The managerial carousel

British media only know big names from Spain, like Zidane.
British media only know big names from Spain, like Zidane. / REUTERS
  • In the Premier League big-name managers take it in turns to lead clubs of a certain standing, while in La Liga it is the complete opposite

You must have seen the argument over in the Premier League that the same old faces are just rotating clubs on the managerial merry-go-round while the elite are signing the superstar managers? Over here in La Liga it is the complete opposite.

Pep Guardiola, Jose Mourinho, Rafa Benítez and Mauricio Pochettino all made their name in Spain before heading to the top clubs in England. Now there is a new breed of manger breaking through!

In La Liga we don't have the likes of Sam Allardyce, David Moyes, Alan Pardew and Tony Pulis who take it in turns to lead clubs of a certain standing. The Premier League currently has eight British managers (if you count Chris Hughton as Irish) compared to La Liga which has seventeen Spanish managers.

Only Ernesto Valverde at Barcelona, Quique Sánchez Flores at Espanyol and Marcelino at Valencia could really be regarded as established in the top flight, the rest are developing with their clubs.

There are some great characters emerging.

One of my favourites is Pablo Machin at Girona. This is a man who has the backing of the Manchester City money men and a squad bolstered by young players enjoying a gap year away from the reserve team of the Premier League club, yet he has stuck to his principles. He's used the players Pep Guardiola has sent him sparingly and largely stuck with the spine of the team that won promotion to the top league for the first time ever. He's also insistent on playing his own formation with a back three and already masterminded the shock result of the season by beating Real Madrid.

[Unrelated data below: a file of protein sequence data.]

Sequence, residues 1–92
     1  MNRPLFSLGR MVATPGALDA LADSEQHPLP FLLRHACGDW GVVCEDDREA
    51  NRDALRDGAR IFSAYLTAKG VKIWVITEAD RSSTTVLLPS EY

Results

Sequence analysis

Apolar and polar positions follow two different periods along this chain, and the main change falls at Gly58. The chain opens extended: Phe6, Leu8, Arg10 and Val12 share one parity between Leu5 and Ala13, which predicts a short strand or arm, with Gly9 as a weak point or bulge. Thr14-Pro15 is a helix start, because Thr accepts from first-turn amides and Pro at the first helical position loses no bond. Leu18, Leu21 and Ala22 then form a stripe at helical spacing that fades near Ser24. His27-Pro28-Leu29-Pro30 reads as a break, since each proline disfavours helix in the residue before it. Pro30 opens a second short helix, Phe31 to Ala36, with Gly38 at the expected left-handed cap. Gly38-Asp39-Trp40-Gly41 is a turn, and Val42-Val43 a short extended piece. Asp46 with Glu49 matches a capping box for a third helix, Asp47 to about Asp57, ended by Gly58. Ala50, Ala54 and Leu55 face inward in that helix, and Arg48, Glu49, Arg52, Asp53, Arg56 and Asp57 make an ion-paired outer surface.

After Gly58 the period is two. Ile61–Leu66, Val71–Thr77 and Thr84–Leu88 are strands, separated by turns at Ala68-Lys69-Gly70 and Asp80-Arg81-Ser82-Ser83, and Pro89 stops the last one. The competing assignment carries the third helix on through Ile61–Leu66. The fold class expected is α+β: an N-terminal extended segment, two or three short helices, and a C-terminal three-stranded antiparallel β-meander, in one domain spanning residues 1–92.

The man challenging him for unsung hero is Asier Garitano who began his coaching career in the lower leagues, starting in the footballing outpost of Alicante. When he arrived at Leganés in 2013 they didn't even have their own training ground and they were struggling in the third tier of Spanish football. In a short space of time and on a limited budget he guided the club from the suburbs of Madrid onto the football map. There's a big chance they could be on the European map as currently they sit in 7th place.

Getafe are close in a couple of ways, one point in the league and just a couple of junctions along the M45 orbital. They too are managed by an emerging leader. José Bordelas looks younger than his fifty-three years, especially when you learn that this is his 11th club! He was actually assisted by Garitano in Alicante and he's spent seasons in Benidorm.

He's bespectacled and looks respectable on the touchline but there's a bit of the loveable rascal about him. Last week when Valencia lost their first game of the season their captain was left bemoaning the state of the pitch. One suspects that Bordelas gave the groundsman a couple of days off.

Even though he guided Alavés back to the top flight in 2016 they decided they needed to replace him. Their loss was Getafe's gain and he won promotion for a second year in a row. Now his combination of bargains, free transfers and veterans are establishing themselves in the top 10. The club that nobody loved is regarded as romantic all of a sudden.

The British press only knows Zidane and Simeone but the next generation of top coaches are evolving each with their own personalities and quirks.